First, the data processing systems of the prior art have not provided a system wide addressing system suitable for use in common by a large number of data processing systems interconnected into a network. Addressing systems of the prior art have not provided sufficiently large address spaces and have not allowed information to be permanently and uniquely identified. Prior addressing systems have not made provisions for information to be located and identified as to type or format, and have not provided sufficient granularity. In addition, prior addressing systems have reflected the physical structure of particular data processing systems. That is, the addressing systems have been dependent upon whether a particular computer was, for example, an 8, 16, 32, 64 or 128 bit machine. Since prior data processing systems have incorporated addressing mechanisms wherein the actual physical structure of the processing system is apparent to the user, the operations a user could perform have been limited by the addressing mechanisms. In addition, prior processor systems have operated as fixed word length machines, further limiting user operations.
Prior data processing systems have not provided effective protection mechanisms preventing one user from effecting another user's data and programs without permission. Such protection mechanisms have not allowed unique, positive identification of users requesting access to information, or of information, nor have such mechanisms been sufficiently flexible in operation. In addition, access rights have pertained to the users rather than to the information, so that control of access rights has been difficult. Finally, prior art protection mechanisms have allowed the use of "Trojan Horse arguments". That is, users not having access rights to certain information have been able to gain access to that information through another user or procedure having such access rights.
Yet another problem of the prior art is that of providing a simple and flexible interface user interface to a data processing system. The character of user's interface to a data processing system is determined, in part, by the means by which a user refers to and identifies operands and procedures of the user's programs and by the instruction structure of the system. Operands and procedures are customarily referred to and identified by some form of logical address having points of reference, and validity, only within a user's program. These addresses must be translated into logical and physical addresses within a data processing system each time a program is executed, and must then be frequently retranslated or generated during execution of a program. In addition, a user must provide specific instructions as to data format and handling. As such reference to operands or procedures typically comprise a major portion of the instruction stream of the user's program and requires numerous machine translations and operations to implement. A user's interface to a conventional system is thereby complicated, and the speed of execution of programs reduced, because of the complexity of the program references to operands and procedures.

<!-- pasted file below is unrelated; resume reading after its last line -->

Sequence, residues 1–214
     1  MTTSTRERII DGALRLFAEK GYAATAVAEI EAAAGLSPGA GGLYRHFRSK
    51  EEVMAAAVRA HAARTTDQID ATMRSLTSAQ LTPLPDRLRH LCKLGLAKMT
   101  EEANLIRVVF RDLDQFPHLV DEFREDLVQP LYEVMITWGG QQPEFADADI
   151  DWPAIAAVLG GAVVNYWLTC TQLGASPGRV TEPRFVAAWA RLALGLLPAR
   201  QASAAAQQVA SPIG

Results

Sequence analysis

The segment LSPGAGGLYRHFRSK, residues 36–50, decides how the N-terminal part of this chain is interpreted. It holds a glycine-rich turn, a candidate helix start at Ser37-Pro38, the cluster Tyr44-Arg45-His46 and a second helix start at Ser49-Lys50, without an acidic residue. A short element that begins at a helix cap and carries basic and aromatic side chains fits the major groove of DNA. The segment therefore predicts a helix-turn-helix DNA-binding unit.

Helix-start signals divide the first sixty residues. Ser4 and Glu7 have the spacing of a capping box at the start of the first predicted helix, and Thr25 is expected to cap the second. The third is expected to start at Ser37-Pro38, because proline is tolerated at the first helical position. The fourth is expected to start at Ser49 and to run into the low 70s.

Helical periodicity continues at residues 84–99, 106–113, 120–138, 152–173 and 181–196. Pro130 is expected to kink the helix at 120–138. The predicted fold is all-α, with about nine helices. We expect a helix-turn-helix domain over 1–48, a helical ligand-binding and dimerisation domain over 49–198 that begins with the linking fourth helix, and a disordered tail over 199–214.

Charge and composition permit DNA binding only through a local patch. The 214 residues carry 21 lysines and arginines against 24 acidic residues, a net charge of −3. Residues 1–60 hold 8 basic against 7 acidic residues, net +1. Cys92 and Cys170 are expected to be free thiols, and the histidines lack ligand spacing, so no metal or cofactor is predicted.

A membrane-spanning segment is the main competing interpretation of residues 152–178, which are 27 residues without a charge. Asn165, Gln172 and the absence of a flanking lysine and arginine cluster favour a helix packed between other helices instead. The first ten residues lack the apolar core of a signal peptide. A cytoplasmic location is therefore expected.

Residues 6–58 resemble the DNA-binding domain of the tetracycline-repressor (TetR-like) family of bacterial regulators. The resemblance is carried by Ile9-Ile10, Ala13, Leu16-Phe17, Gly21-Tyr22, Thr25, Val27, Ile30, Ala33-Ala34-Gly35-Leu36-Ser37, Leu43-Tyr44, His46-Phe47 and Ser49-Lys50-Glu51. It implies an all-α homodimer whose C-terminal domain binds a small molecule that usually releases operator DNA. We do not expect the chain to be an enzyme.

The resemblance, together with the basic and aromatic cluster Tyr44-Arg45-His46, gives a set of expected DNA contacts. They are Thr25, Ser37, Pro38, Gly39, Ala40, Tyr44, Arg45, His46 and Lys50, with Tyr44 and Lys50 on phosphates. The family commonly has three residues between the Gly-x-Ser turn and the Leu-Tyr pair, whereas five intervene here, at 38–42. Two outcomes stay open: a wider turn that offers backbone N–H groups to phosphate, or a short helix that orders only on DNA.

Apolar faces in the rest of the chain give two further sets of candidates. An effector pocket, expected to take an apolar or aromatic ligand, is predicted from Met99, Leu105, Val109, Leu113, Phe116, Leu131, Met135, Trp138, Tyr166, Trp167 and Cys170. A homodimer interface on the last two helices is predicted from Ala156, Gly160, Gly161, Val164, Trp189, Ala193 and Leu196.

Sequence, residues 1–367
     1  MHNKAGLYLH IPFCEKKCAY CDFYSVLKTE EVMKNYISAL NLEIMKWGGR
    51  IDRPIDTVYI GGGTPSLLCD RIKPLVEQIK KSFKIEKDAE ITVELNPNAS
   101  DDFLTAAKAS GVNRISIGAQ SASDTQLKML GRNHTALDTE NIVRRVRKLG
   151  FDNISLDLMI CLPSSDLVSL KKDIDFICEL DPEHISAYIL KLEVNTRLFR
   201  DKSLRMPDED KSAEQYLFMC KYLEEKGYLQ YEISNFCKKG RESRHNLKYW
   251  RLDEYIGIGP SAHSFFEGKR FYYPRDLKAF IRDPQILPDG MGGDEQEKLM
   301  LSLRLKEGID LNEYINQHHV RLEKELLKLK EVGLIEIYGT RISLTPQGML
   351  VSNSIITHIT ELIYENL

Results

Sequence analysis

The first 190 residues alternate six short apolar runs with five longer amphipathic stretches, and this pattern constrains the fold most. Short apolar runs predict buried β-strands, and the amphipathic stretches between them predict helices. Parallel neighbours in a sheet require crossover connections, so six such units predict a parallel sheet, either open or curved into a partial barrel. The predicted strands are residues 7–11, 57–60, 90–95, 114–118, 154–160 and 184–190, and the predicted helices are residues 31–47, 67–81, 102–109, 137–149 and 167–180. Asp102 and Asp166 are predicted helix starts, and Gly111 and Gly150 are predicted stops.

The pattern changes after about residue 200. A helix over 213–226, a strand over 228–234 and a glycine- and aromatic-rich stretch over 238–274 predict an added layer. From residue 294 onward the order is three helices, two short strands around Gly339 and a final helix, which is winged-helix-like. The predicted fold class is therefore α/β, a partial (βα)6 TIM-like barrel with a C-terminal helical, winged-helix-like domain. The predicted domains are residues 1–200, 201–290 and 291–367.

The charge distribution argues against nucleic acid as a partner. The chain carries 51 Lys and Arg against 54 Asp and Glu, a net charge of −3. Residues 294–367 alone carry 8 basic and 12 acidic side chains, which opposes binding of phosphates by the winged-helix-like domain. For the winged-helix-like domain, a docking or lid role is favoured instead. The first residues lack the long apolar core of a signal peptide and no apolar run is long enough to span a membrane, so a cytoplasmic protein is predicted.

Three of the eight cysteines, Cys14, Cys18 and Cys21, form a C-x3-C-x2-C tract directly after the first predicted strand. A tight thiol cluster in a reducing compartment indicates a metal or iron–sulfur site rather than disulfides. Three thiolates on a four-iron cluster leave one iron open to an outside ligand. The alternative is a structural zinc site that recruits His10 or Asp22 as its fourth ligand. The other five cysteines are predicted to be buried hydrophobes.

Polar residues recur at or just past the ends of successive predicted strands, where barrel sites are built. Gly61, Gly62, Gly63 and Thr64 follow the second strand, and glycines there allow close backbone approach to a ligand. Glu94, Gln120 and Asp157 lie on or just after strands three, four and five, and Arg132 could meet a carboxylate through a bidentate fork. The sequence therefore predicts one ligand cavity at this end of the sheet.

A data processing system's instruction structure includes both the instructions for controlling system operations and the means by which these instructions are executed. Conventional data processing systems are designed to efficiently execute instructions in one or two user languages, for example, FORTRAN or COBAL. Programs written in any other language are not efficiently executable. In addition, a user is often faced with difficult programming problems when using any high level language other than the particular one or two languages that a particular conventional system is designed to utilize.
Yet another problem in conventional data processing systems is that of protecting the system's internal mechanisms, for example, stack mechanisms and internal control mechanisms, from accidental or malicious interference by a user.
Finally, the internal structure and operation of prior art data processing systems have not been flexible, or adaptive, in structure and operation. That is, the internal structure and operation of prior systems have not allowed the systems to be easily modified or adapted to meet particular data processing requirements. Such modifications may include changes in internal memory capacity, such as the addition or deletion of special purpose subsystems, for example, floating point or array processors. In addition, such modifications have significantly effected the users interface with the system. Ideally, the actual physical structure and operation of the data processing system should not be apparent at the user interface.
The present invention provides data processing system improvements and features which solve the above-described problems and limitations.
The present invention relates generally to digital computer systems and more specifically to digital computer systems employing object-based addressing of data. The digital computer system of the present invention includes a memory system having mass storage devices and one or more processors connected to the memory system.
The memory system is logically organized into objects, which are variable-length blocks of storage containing data items. Each data item is identified by a logical address which specifies the object in which that data item is to be found, and an offset specifying how far into that object that data item begins.
The memory controls permit physically organizing the memory into any number of memory arrays where the arrays may be of any size. The memory controls receive the aforementioned logical address from the processing means and transform it to the appropriate physical address within the appropriate one of the memory arrays in order to access the desired data item, thus presenting the appearance of a single unified memory bank.
It is thus an object of the present invention to provide an improved data processing system.
It is another object of the present invention to provide a data processing system capable of use in large, interconnected data processing networks.
It is yet another object of the present invention to provide an improved addressing mechanism suitable for use in large, interconnected data processing networks.
It is still another object of the present invention to provide a simplified and flexible user interface to a data processing system.
It is yet a further object of the present invention to provide an improved mechanism for referring to operands.
It is a further object of the present invention to provide data processing internal mechanisms protected from user interference.
It is yet another object of the present invention to provide a data processing system having a flexible internal structure capable of multiple, concurrent operations.